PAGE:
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Iran: Khan-e Borujerdi

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Khan-e Borujerdi | Iran | Asia

[Visited: April 2001, August 2018]

A vague memory in my mind of a stopover on the way from Isfahan to Tehran seventeen years before, the images came flooding back as soon as I stepped in. It seemed that the house had become even more beautiful than before - or was this my leaking memory? Fact is, that I look forward to re-visiting this special historic building of Kashan. In the mid 19th century, Mr Natanzi asked the hand of the daughter of Mr Tabatabaei, who agreed on one condition: to build a house that is at least as pleasing as his own, so his daughter will have a decent roof over her head. This task took Mr Natanzi 18 years to complete, according to legend (and I wonder, did he really remain in love with the girl for such a long time, before he could officially relate to her?). There are already stucco decorations on the exterior of the building, and the old wooden door has two metal knockers: a long one for male visitors, and a circular one for females. This allowed those inside to decide who was to open the door.

Picture of Khan-e Borujerdi (Iran): Frontal view of the half-open reception hall of Khan-e Borujerdi

As we walk through the door and a corridor, we reach the courtyard of the complex. At the far end, we see the main building, with domes on top, and six-sided badgirs, or wind-towers, bringing cooling air into the house. A rectangular pool lies deep between the portal and the main building, but it is empty now. When we look behind us, we see intricately carved decorative walls. But it is when we arrive in the half-open reception hall that we are awe-struck, and we immediately understand how Mr. Tabatabaei could not resist the request for his daughter's hand. All the vaults, the walls, the ceilings, the doors, the windows: everything is fully covered with art-work. Frescoes depicting landscapes and persons, geometric shapes in bright colours, floral patterns, animals: you are overwhelmed by impressions jumping on you from all sides. The reception hall is half-open, and there are several openings in the ceiling, so there is sufficient light to enjoy the works of art.

Picture of Khan-e Borujerdi (Iran): Close-up of the cupola and ceiling of the central reception hall of Khan-e Borujerdi

There is only one thing to do: stand still, sit down, and take in the different sections one by one. Then, step closer, zoom in, have a better look at details, discover lovely scenes. The painters have done an amazing job at entertaining the visitor. In a museum, you would have a couple of paintings on which to concentrate, separated by a white wall. Here, you are bombarded with art from all sides. And yes, when you lift your head, you will see that the ceiling, too, is a dazzling display of architecture and art. Openings in the ceiling allow for daylight to light up the inside of this public building. There is another, austere space in the basement, and there are other rooms and buildings, with coloured glass, some closed to visitors. Legend does not say how the daughter of Mr. Tabatabaei fared in her marriage to Mr Natanzi, but we must assume that she must have been impressed by the enormous work her suitor carried out to gain her hand. I am.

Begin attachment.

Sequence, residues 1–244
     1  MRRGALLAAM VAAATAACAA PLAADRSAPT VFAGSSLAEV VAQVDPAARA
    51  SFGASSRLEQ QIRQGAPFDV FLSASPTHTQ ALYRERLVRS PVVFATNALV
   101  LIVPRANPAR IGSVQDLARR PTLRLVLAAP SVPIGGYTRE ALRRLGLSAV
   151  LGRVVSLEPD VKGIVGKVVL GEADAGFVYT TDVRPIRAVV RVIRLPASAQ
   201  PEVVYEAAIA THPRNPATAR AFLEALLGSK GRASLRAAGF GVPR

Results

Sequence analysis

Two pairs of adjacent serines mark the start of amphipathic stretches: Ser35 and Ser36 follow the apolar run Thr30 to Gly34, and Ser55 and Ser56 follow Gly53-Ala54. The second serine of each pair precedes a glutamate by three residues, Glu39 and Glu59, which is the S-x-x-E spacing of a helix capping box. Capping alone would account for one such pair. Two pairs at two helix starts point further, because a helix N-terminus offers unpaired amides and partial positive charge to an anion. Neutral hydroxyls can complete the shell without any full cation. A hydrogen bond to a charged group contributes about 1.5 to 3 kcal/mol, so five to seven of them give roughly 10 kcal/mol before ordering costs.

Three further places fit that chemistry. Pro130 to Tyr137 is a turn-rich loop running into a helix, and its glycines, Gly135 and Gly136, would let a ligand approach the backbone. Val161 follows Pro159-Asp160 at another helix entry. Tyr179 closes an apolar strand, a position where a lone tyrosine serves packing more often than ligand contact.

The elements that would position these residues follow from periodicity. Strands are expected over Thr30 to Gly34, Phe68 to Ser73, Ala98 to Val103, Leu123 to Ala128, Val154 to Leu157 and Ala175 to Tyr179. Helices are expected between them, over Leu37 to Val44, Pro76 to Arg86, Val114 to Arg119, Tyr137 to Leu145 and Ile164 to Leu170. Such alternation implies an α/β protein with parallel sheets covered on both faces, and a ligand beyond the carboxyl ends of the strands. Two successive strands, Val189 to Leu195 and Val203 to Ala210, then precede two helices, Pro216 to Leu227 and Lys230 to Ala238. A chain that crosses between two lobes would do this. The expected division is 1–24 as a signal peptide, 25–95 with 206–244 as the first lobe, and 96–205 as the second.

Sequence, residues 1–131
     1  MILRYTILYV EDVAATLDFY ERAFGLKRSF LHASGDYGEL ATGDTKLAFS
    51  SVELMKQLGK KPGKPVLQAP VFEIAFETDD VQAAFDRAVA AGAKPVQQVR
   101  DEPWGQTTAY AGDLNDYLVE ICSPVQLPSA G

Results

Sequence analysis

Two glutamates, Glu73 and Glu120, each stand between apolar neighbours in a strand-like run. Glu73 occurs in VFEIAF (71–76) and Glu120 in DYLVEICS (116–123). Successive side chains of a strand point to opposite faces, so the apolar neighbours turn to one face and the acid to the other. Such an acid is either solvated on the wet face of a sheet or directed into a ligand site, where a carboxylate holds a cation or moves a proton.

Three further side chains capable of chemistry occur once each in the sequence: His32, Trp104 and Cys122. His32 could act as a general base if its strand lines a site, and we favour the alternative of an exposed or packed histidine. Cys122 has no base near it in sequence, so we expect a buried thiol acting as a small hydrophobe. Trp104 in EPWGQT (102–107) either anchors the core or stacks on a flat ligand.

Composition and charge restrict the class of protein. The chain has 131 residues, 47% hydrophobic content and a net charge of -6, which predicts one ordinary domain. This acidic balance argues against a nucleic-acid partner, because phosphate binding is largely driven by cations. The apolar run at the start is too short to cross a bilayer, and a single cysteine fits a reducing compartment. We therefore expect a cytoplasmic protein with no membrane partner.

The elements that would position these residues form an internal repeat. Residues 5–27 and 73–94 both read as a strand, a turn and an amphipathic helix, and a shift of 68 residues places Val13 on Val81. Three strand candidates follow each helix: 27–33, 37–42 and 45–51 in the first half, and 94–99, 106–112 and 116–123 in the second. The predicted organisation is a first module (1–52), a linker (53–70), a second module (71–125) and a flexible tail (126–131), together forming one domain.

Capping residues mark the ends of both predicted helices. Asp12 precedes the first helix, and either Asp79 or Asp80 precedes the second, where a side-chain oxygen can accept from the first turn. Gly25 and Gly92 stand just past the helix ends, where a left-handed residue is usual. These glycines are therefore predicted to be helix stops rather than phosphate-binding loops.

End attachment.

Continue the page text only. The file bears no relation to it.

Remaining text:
Picture of Khan-e Borujerdi (Iran): Central courtyard with empty pool and wind-tower in the background
Picture of Khan-e Borujerdi (Iran): Finely decorated reception hall of the main building
Picture of Khan-e Borujerdi (Iran): Reception hall of Khan-e Borujerdi seen from below
Picture of Khan-e Borujerdi (Iran): Old wooden door with separate knockers for men and women
Picture of Khan-e Borujerdi (Iran): Deisgn in a vault near the entrance to Khan-e Borujerdi
Picture of Khan-e Borujerdi (Iran): Looking up the dome of the reception hall of Khan-e Borujerdi
Picture of Khan-e Borujerdi (Iran): Doors in the reception hall
Picture of Khan-e Borujerdi (Iran): Wall and part of the peculiar ceiling of a side hall of the reception hall
Picture of Khan-e Borujerdi (Iran): Part of the ceiling of Khan-e Borujerdi seen from below
Picture of Khan-e Borujerdi (Iran): Central part of the reception hall
Picture of Khan-e Borujerdi (Iran): Looking up a set of windows in the reception hall
Picture of Khan-e Borujerdi (Iran): The cupolas and wind-tower of Khan-e Borujerdi seen from a distance
Picture of Khan-e Borujerdi (Iran): Basement of Khan-e Borujerdi where water once stood

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